• Asian immigrants were defined as those who migrated from
countries in East Asia, South Asia, and South East Asia.
• A total of 44 patients who had a history of two or more suicide
attempts were selected from the combined sample of 608 Asian
patient charts in the two hospitals.
• A chart review instrument was used to gather preliminary data on
these identified patients’ demographics, psychopathology,
treatment history, psychosocial stressors and history of suicidal
• For comparative analysis, another group (n = 29) from the same
sample of Asian immigrant patients (n = 608) with no lifetime history
of suicide attempts but were comparable in age, gender, Asian
ethnicity, and psychiatric diagnosis of the repeated suicide
attempters was selected.
Semi-Structured Interviews
• A total of 12 Asian immigrant patients were recruited at the
inpatient and outpatient units. With their permission, their
mental health providers (n = 12) and family members (n=6)
were also interviewed.
• Each patient was interviewed for about 75 minutes in their
native language. Their family members and providers were
interviewed for 45 and 30 minutes respectively.
• An interview guide was used to expand on the data gathered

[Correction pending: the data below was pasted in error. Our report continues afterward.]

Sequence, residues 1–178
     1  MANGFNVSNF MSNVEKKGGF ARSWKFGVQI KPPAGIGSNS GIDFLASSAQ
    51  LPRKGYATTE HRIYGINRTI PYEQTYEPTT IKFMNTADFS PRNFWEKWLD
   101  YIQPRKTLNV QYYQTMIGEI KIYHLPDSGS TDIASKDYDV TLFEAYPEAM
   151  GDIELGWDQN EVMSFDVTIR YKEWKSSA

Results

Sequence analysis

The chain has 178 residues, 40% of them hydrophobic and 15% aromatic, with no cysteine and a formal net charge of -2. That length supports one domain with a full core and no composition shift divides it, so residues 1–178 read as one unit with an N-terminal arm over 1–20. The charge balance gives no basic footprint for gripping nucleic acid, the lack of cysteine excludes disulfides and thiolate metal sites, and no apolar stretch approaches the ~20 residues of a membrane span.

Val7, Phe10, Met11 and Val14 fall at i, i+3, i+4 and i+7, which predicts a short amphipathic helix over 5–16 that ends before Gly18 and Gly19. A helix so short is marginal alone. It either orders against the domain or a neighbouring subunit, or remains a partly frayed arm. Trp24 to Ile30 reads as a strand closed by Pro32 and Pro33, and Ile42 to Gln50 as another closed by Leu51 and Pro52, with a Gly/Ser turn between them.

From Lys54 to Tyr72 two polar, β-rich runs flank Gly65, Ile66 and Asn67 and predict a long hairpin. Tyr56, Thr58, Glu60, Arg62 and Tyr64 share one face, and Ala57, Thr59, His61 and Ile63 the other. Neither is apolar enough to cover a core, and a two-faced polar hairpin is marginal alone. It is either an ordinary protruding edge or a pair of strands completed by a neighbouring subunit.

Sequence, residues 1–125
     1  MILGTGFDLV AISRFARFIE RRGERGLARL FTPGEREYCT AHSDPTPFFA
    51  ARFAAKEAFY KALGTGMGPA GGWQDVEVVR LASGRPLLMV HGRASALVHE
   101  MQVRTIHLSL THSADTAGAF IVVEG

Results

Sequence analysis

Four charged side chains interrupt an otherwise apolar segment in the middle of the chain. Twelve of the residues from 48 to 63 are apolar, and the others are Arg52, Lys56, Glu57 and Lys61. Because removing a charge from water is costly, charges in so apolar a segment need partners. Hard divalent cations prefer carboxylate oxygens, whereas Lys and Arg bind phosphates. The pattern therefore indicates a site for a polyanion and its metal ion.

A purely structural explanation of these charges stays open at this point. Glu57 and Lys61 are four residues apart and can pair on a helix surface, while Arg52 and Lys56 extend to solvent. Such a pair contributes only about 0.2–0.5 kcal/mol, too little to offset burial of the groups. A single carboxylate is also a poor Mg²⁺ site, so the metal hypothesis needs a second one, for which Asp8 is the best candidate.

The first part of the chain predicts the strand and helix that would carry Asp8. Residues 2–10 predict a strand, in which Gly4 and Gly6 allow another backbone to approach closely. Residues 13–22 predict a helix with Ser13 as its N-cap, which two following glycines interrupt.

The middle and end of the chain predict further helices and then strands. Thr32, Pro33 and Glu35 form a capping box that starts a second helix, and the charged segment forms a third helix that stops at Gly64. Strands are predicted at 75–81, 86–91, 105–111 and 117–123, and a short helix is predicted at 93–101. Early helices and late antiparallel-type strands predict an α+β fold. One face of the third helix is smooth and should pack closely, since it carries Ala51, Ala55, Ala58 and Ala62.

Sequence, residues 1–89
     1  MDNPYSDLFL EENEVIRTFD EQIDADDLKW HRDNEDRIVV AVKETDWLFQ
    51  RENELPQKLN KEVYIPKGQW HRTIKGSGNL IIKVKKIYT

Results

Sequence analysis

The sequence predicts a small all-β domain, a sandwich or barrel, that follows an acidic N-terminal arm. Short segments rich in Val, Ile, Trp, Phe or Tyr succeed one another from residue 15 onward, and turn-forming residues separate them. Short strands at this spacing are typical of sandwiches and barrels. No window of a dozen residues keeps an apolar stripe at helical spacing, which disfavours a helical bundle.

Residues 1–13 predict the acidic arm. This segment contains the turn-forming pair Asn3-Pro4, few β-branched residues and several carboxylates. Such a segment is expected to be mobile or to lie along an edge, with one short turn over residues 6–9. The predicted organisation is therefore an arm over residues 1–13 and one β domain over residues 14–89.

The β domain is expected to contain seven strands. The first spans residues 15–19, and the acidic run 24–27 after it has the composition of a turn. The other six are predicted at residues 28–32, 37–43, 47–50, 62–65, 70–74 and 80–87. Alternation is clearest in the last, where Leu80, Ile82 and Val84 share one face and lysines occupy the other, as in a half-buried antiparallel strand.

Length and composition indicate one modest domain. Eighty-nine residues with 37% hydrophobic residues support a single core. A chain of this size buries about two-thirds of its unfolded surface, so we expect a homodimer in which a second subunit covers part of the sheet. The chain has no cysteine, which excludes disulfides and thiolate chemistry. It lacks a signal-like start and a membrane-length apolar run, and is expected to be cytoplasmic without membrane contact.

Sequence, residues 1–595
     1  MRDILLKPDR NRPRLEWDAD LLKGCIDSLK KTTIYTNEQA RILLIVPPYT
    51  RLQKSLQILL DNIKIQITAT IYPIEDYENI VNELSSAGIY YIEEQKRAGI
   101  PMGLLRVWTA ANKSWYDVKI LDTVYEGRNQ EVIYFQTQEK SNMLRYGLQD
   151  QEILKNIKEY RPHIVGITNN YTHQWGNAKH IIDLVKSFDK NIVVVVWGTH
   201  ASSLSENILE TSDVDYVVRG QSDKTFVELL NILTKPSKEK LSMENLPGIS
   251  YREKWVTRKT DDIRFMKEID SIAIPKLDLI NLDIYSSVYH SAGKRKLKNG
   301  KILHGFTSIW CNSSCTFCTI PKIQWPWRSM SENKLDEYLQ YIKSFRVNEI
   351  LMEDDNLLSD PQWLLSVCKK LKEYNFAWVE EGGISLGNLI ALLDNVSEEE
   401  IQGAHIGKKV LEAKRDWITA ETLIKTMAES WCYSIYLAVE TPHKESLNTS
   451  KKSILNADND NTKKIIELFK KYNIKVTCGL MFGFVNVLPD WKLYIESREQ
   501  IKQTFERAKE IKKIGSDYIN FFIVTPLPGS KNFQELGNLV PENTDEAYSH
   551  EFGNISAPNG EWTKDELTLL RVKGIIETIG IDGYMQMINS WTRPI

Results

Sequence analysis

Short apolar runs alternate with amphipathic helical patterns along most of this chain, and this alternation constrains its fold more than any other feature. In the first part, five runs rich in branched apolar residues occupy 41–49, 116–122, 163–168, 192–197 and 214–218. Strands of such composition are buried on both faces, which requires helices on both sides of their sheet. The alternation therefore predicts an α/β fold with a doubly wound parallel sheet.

from the chart reviews, specifically the depth and complexities
of the participants’ distress in a sociocultural and immigrantspecific context, including the nature of familial support
toward the participants’ recovery.
• Interviews were audiotaped, transcribed and translated for
thematic analysis.
Demographics of Participants
• Countries of origin: China (over 70%), Korea, the
Philippines, India, Pakistan and Bangladesh.
• Low socioeconomic background.
• Higher percentage of females:
56% in Chart Review sample; 75% in Interview sample
• Higher percentage of young adults in their 20s and 30s:
52% in Chart Review sample; 50% in Interview sample
• Living alone or in shelters:
25% in Chart Review sample and 33% in Interview sample
• Single, divorced or separated:
75% in Chart Review Sample and 83% in Interview sample
• Varied immigration status and length of time in the U.S.
High prevalence of suicide attempters
• 24% (n = 608) of the Chart Review Sample had made one or
more suicide attempts. Further screening showed 7.2 % (n =
608) were repeated suicide attempters.
• The number of reported suicide attempts for each patient in
chart review sample ranged from 2 – 5 (mean: 2.8), and 2 – 4
in interview sample (mean: 2.7).